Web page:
The Truth and Reconcilliation Commission (TRC) establishes three key steps we can take towards our journey to reconciliation. All three are not steps I have laid out previously. This is because I view these steps as the bare minimum—simply not enough. While these steps are critical, they are not critical because of their impact. They are critical because they are the easiest to do. It is easy to acknowledge that this is traditional Indigenous land, it is easy to fly a flag. True reconciliation needs much more in order to be fruitful. The TRC also acknowledge that these are “little things”. It is defeating for Indigenous people to have to establish this bare minimum, but as mentioned it is vital we do so.

Peggy Mcintosh’s paper on white privilege describes various ways Indigenous people are disaffected in society both in and outside of educational settings. As an Indigenous person I read her paper with a grain of salt. While it makes accurate points in the area of white privilege, she compares this to modern day feminism. It is irresponsible to draw comparisons between racial disparity and gender disparity. Which is why I am skeptical of her paper, because everything she states was only brought to light because of her beliefs on gender equality. In particular, number 13 on her list of white privilege manifestations she states “I can speak in public to a powerful male group without putting my race on trial”, again I see comparisons to an unrelated issue. Why is it important to include male in this context? I definitely see undertones of an ulterior motive that is not aligned with reconciliation within the making of this article.

My skepticism aside, she does make critical points in regards to white privilege, as an Indigenous person I will highlight the ones I believe are most vital in an educational context using my experiences as an Indigenous student:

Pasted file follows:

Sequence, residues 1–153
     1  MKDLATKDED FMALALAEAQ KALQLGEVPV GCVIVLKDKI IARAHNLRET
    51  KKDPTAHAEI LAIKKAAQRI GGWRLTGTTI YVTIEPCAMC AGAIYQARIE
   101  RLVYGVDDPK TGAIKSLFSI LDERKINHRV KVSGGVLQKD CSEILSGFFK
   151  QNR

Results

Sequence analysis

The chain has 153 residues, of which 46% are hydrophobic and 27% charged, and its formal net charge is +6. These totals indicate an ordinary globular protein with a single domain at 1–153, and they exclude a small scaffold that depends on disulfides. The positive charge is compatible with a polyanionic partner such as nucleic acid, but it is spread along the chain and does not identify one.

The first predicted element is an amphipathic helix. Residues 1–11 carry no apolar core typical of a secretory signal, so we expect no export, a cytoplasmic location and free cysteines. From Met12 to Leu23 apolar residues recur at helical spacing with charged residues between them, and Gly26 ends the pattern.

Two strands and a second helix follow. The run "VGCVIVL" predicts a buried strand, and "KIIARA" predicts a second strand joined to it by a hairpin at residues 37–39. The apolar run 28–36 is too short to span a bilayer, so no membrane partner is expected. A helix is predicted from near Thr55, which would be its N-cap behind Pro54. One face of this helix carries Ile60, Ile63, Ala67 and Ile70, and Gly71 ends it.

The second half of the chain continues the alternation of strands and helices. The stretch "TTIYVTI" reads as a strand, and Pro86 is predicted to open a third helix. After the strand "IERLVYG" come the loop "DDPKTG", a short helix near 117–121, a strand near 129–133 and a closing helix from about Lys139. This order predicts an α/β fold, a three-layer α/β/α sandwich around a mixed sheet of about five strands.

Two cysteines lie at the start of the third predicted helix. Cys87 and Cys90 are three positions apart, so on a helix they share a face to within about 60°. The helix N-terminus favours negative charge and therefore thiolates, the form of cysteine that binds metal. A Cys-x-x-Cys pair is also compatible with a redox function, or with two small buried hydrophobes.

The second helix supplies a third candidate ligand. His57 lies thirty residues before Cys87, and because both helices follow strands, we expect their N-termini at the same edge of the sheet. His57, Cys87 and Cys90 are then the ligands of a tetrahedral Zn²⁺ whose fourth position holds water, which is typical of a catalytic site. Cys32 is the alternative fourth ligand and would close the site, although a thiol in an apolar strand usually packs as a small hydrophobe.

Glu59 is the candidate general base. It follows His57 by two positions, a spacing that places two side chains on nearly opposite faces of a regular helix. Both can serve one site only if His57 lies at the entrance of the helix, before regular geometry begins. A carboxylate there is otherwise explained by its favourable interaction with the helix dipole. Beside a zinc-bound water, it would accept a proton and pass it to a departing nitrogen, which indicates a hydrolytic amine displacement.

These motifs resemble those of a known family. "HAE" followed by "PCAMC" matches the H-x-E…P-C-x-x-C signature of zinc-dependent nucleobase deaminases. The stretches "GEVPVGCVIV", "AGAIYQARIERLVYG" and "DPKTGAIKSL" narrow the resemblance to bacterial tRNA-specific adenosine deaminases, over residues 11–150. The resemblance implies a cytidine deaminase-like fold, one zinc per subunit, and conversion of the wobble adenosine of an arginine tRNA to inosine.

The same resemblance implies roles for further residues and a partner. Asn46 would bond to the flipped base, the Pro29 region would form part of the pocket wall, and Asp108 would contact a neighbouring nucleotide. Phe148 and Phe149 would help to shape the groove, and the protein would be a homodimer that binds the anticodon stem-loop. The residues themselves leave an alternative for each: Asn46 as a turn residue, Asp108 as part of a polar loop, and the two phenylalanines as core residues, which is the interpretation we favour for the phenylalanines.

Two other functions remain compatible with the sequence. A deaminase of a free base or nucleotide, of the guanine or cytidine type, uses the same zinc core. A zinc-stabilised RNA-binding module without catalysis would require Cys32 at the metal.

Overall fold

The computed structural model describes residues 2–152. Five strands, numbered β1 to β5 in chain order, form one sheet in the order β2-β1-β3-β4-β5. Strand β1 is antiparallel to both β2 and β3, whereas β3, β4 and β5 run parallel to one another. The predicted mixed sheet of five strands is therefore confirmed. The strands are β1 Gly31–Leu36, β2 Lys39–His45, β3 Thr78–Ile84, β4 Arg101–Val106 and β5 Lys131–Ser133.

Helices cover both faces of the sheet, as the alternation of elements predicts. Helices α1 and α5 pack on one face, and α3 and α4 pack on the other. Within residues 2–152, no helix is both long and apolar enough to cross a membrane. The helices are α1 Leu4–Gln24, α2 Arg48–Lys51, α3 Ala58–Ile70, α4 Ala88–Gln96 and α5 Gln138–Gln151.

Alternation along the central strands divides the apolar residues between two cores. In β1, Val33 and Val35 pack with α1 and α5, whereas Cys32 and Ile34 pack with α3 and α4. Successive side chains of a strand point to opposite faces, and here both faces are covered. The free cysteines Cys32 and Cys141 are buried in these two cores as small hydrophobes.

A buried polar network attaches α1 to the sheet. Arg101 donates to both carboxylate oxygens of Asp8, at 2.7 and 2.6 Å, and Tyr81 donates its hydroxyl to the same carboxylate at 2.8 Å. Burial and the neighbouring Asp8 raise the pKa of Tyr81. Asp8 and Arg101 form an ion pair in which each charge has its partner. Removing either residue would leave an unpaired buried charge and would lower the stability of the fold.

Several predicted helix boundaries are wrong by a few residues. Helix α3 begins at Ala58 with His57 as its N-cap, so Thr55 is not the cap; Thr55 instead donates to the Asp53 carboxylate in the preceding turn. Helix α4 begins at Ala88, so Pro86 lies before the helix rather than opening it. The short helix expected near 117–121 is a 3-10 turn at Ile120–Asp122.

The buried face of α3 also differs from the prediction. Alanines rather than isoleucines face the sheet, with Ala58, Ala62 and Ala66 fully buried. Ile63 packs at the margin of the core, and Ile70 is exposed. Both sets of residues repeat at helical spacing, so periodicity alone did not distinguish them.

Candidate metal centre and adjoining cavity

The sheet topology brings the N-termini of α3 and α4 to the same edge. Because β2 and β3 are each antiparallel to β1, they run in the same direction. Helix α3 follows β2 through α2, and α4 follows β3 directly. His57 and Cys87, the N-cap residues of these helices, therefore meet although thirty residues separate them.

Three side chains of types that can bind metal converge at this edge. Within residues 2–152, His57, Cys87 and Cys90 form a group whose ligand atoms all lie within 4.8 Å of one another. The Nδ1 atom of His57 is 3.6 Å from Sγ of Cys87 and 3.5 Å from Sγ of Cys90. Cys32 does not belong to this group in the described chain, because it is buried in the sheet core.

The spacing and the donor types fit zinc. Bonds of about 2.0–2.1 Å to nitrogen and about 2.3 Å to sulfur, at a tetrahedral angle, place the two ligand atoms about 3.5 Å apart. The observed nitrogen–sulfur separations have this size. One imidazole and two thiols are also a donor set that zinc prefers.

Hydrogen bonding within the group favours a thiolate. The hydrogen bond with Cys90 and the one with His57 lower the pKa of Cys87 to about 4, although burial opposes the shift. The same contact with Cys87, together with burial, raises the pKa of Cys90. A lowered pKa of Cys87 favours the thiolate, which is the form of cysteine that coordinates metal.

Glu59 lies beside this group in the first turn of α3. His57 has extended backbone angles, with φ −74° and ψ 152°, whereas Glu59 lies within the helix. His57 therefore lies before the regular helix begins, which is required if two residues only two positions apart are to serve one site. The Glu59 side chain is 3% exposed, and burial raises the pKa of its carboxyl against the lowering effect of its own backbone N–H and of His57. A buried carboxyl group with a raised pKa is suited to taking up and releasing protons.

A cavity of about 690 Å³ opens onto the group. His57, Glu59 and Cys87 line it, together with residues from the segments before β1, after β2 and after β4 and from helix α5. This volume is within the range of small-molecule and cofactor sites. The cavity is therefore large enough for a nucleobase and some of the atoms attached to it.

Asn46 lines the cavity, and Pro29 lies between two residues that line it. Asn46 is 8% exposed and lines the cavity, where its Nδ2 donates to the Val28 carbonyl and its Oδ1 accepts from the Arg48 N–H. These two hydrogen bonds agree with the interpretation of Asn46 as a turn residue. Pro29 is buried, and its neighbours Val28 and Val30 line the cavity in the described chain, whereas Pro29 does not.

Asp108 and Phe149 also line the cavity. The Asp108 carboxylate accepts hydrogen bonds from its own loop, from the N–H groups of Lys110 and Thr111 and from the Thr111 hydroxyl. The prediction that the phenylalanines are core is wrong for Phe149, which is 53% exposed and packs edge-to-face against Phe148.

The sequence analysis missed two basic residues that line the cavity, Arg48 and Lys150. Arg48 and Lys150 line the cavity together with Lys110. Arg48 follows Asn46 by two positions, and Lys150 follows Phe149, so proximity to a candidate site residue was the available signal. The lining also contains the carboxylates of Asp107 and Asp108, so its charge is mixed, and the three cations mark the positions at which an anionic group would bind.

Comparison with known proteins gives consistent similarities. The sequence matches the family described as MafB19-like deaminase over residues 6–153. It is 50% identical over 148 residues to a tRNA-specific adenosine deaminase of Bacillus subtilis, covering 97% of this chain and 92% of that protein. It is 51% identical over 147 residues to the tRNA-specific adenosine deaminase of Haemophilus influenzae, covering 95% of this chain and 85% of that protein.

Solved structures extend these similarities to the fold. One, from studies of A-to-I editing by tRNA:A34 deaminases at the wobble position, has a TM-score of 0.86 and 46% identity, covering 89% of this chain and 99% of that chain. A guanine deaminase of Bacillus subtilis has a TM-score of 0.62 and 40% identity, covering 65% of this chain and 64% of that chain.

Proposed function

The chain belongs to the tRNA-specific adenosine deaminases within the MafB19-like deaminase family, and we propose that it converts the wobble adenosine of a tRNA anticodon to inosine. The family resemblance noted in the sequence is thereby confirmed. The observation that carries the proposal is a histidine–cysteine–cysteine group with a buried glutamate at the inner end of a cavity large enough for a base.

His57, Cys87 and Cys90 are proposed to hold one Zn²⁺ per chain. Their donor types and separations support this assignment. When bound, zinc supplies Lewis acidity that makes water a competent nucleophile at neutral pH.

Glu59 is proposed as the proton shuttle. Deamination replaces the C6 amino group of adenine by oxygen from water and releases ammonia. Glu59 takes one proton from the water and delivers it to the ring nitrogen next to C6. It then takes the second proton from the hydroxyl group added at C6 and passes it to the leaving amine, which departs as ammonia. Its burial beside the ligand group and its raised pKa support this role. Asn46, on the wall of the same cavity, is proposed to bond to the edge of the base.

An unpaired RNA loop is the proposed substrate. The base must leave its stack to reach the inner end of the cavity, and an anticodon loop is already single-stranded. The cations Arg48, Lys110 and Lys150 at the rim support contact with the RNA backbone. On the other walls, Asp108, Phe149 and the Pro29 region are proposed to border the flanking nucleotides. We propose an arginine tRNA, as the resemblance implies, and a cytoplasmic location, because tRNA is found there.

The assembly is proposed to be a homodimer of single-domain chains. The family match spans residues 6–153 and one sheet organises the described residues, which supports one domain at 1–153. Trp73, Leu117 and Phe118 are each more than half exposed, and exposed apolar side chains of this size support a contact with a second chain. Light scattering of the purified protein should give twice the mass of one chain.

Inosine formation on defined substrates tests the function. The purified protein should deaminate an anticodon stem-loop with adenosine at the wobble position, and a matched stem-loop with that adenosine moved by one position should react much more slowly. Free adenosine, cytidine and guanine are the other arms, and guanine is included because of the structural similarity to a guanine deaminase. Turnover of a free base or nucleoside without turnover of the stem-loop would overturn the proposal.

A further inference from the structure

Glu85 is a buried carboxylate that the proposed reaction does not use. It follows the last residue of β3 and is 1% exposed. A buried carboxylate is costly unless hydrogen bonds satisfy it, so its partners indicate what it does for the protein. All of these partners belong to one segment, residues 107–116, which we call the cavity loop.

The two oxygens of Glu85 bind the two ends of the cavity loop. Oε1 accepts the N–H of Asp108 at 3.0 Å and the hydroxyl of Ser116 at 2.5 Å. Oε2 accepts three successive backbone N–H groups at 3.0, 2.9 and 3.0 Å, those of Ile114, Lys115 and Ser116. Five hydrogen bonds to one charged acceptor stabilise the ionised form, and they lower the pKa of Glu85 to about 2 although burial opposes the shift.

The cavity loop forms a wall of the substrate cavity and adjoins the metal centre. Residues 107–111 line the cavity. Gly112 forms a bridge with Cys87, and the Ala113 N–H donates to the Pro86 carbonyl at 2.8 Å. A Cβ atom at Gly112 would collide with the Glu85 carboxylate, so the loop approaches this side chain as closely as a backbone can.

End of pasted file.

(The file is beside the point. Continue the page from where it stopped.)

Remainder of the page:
Number 7. “I can be sure that my children will be given curricular materials that testify to the existence of their race.”

Number 12. “I can swear, or dress in second-hand clothes, or not answer letters, without having people attribute these choices to the bad morals, the poverty, or the illiteracy of my race.”

Number 15. “I am never asked to speak for all the people of my racial group.”

Number 16. “I can remain oblivious of the language and customs of persons of color who constitute the world’s majority without feeling in my culture any penalty for such oblivion.

All of these listed are ways I have felt uncomfortable during my elementary and secondary academic career. These experiences influence my proposed ways of ensuring a healthy, hospitable environment. I have used my experiences and what I believe would have helped me become a more successful student. Which is my responsibility in the journey to reconciliation, to use my experiences to assist the educational administration to provide the resources necessary to teachers in the effort towards the ultimate goal of meaningful reconciliation.

Everything I have written in this paper is to provide a substratum to the aesthetic component of this paper. My aesthetic piece is a painting that depicts a dark, melancholic past we as Indigenous people have experienced. Then the hand holding the tree is a symbol describing our role as educators in the uplifting Indigenous people. We hold the ability to create healthy Indigenous youth, and bring together this world of racial equality, so that ultimatley we can share this land as brothers and sisters of equal standing.


Bearhead, C. (2015, November 25). 94 Calls to Action, 3 ways to get started | Illuminate 

Faculty of Education Magazine. Illuminate Faculty of Education Magazine.

Mcintosh, P. (1989, July). “White Privilege: Unpacking the Invisible Knapsack” and “Some Notes for Facilitators.” National SEED Project.

PD_Module 8: Reconciliation. (n.d.). Reconciliation Education. Retrieved March 9, 2022, from

Pirbhai-Illich, Fatima & Martin, Fran. (2019). “A relational approach to decolonizing education: working with the concepts of invitation and hospitality”.